The Ice is Slowly Melting

And if you gaze long into Abbey Road,
Abbey Road also gazes into you.’

They cross but come back once more,
in the early August morning light,
walking out, not quite in step,
painting colour on black and white.

A photographer perches on his ladder,
sandals lie abandoned on the floor,
a man – with hands on hips – gazes, counts:
one and one and one and one is four.

It would have been easier to let things be,
declare they were already past their prime,
but they want to – they want to so bad –
come together, right now, one last time.

Because the amps are there, they turn them on
and – for a moment – arguments disappear;
there’s something in the way they play,
it seems like years since they’ve been here.

Ringo counts them in, of course,
as the lights and recriminations fade –
one and one and one and one is four –
in this Maida Vale hideaway in the shade.

Some bits are stitched together​
with sun-honeyed harmonies
and fenestrated fragments
of musical mastery –

miserly, mustardy –
under the custody
of polythene dreams,​​
a golden-slumbered tapestry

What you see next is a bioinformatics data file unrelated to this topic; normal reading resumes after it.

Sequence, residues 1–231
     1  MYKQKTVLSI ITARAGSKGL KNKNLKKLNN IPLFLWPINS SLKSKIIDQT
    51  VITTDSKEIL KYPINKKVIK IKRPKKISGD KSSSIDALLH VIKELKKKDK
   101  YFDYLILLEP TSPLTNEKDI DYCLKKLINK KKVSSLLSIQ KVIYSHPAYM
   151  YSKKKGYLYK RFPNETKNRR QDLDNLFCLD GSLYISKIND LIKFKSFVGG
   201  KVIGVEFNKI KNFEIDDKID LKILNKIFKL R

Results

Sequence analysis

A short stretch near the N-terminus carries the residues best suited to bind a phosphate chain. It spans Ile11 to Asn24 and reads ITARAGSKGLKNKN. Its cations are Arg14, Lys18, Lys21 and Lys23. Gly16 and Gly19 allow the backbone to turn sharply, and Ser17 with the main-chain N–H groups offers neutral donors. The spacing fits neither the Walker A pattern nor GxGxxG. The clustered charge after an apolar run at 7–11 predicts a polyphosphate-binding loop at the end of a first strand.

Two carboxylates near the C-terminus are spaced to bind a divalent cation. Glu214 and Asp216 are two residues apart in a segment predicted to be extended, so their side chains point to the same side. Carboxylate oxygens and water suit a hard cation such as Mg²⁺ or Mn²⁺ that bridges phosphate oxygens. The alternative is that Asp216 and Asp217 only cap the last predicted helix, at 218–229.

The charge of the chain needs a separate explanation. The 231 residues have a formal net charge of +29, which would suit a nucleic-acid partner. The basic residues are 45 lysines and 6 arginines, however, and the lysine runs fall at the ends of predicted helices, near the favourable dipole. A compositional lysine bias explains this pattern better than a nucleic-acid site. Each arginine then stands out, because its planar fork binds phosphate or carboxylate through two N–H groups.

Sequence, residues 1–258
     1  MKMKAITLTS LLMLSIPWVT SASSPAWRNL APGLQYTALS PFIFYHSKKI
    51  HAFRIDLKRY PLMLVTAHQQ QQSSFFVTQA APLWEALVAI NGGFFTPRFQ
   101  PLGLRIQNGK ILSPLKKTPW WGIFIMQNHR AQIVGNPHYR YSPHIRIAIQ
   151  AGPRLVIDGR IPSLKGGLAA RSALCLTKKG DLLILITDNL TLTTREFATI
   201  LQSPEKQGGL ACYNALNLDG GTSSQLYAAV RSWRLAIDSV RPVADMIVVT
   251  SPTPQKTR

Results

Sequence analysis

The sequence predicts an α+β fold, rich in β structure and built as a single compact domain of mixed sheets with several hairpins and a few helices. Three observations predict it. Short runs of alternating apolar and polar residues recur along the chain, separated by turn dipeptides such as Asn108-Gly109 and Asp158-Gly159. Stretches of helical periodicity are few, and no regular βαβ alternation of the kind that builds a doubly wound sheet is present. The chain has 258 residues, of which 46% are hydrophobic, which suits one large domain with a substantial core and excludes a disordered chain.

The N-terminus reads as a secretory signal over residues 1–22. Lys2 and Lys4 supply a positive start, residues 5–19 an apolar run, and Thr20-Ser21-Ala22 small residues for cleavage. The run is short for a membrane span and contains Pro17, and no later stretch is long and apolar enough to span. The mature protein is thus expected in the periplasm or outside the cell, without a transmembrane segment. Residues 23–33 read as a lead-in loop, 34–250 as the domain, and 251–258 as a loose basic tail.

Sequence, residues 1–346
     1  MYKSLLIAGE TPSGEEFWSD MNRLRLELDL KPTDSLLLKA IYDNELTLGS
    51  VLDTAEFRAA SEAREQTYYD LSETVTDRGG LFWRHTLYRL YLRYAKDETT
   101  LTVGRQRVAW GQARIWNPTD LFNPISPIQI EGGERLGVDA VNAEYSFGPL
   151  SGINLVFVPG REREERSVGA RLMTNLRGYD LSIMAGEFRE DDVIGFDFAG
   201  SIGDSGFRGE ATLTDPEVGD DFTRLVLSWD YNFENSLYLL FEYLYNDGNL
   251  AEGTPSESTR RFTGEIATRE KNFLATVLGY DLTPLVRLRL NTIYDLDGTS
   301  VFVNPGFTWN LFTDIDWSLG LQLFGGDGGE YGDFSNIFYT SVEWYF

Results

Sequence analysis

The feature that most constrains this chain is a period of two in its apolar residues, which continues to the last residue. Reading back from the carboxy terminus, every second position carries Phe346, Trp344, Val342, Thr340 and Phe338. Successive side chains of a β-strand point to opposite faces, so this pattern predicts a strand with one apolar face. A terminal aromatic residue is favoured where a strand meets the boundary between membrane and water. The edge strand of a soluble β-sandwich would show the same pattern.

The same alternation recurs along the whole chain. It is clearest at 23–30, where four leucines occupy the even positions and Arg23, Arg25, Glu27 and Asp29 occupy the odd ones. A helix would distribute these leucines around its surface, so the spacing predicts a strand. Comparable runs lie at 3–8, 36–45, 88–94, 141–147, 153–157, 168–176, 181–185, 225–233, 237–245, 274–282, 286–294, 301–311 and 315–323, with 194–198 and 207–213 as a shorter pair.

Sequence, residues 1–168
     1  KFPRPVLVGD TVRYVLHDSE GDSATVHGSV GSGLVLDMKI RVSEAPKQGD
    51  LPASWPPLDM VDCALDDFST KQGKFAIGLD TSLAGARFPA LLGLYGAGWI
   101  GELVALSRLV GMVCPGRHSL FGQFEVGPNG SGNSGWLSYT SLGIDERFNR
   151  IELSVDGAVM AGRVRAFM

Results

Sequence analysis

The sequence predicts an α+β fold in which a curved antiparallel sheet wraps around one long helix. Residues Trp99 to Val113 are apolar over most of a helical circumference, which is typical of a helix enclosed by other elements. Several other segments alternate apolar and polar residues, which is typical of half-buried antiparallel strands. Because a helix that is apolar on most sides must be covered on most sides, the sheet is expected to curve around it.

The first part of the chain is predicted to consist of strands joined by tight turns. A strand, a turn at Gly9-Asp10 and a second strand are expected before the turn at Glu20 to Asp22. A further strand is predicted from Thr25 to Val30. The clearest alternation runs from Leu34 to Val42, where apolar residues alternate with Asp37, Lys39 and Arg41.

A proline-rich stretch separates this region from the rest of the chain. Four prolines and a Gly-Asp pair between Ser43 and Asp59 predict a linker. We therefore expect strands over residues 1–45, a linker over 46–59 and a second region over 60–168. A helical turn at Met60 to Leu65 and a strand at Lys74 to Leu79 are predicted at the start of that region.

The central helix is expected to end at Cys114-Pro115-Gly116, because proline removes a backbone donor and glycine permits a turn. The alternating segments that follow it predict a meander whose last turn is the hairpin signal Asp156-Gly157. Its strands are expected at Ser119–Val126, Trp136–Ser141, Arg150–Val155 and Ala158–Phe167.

of rich, interwoven melodies,
snatches, echoes, refrains,
and it carries the weight
(it’s so heavy!)

of where they’ve come from
and where they will go
in the end.

Back outside, we glimpse them through the lens;
four is one and one and one and one.
They walk across the road once more
and then they’re gone.

The Abbess is a pretty nice girl
But she doesn’t have a lot to say.
The Abbess is a pretty nice girl
But all she seems to do is pray.
I want to tell her that I love her a lot
But I gotta drink a bottle of Blue Nun,
The Abbess is a pretty nice girl
One day we’re going to have some fun, oh yeah,
One day we’re going to have some fun.

Every Song on the Radio Reminds Me of You

Every song on the radio reminds me of you,

I hear Anarchy in the UK and think about the time
you established an anarcho-syndicalist commune and led
a bloody, but ultimately unsuccessful, uprising in Merthyr Tydfil.

Bohemian Rhapsody comes on and I remember
the episodic, integrated, free-flowing work you composed
whilst holidaying in the Czech Republic.

Like A Virgin reminds me of the day
you got your new Virgin Media TiVo box installed
and you touched it for the very first time.

I listen to I Am the Walrus and recall those stupid
bloody Tuesdays when you would sit on a cornflake
in your corporation t-shirt and wait for the van to come.

An Oasis song plays and I think about that wall
you used to have, which was not like any other wall,
the one that used to fill me with wonder and still does today.

Other memories fly to me across the radio waves.
Your strange and wide-ranging CV: a waitress in a cocktail bar,
private dancer, boxer, taxman, joker, thief, lineman for the county.

There was that time you laid your hat and declared it “home”,
and that party we went to with a special atmosphere,
the one when you kissed a girl and then let the dogs out.

It’s no wonder I still think about you;
you and your beautiful, bright, sexy, gypsy,
Betty Davis, brown, green, baby blue eyes.